Commenting on Regulations that were approved by Parliament this week, David Everett, Research Partner at LCP, said:
“For trustees of some DB schemes, these regulations contain a nasty surprise on which there has been no consultation. From 6 April 2018 those DB schemes that operate a transfer value basis greater than the legislative minimum may need to put in place a new further calculation routine on that minimum basis, purely in order to test whether the £30,000 threshold above which the member may need to obtain advice has been breached.
"In Parliament the Pensions Minister said that these regulations “will reduce confusion for pension scheme members and burdens for industry". Although this may be true for certain benefits provided largely by insurance companies, it is certainly not the case for the DB schemes above.
"As such this is an unnecessary further complication to transfer processes that are already under severe strain due to the increased demand from scheme members to transfer their DB rights into DC arrangements. The DWP should have withdrawn these regulations and consulted on this issue of their own making, but instead, for certain DB schemes, they have added further complexity to an already complex process.”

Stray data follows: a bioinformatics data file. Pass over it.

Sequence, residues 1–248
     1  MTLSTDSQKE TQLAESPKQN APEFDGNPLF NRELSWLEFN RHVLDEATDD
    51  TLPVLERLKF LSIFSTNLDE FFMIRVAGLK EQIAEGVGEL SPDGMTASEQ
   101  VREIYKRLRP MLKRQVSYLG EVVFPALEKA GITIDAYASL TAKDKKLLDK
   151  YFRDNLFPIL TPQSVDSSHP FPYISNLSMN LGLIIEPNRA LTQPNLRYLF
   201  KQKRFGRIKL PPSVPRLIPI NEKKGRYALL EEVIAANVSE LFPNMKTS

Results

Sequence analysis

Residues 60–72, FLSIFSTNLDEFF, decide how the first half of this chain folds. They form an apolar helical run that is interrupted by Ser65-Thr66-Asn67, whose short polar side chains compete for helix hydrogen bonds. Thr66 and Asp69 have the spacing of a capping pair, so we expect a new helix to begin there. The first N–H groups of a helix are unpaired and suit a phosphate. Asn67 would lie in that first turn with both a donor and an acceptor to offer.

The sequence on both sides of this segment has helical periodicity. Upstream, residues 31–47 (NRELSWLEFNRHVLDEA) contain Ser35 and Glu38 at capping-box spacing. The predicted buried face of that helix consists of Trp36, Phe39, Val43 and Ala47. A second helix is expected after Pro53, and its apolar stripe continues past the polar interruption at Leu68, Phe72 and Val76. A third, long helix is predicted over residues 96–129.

The Pension Schemes Act 2015 (Transitional Provisions and Appropriate Independent Advice) (Amendment No 2) Regulations 2017 seek to clarify how so-called “safeguarded-flexible benefits” should be valued for the purpose of the £30,000 threshold test and follow on from regulations settled in July that require schemes providing such benefits to provide risk warnings to members who are thinking of transferring or converting them to flexible benefits.
Safeguarded-flexible benefits are benefits that are DC in nature but offer some form of guarantee in relation to the pension income that will be available to the member such as a guaranteed annuity rate.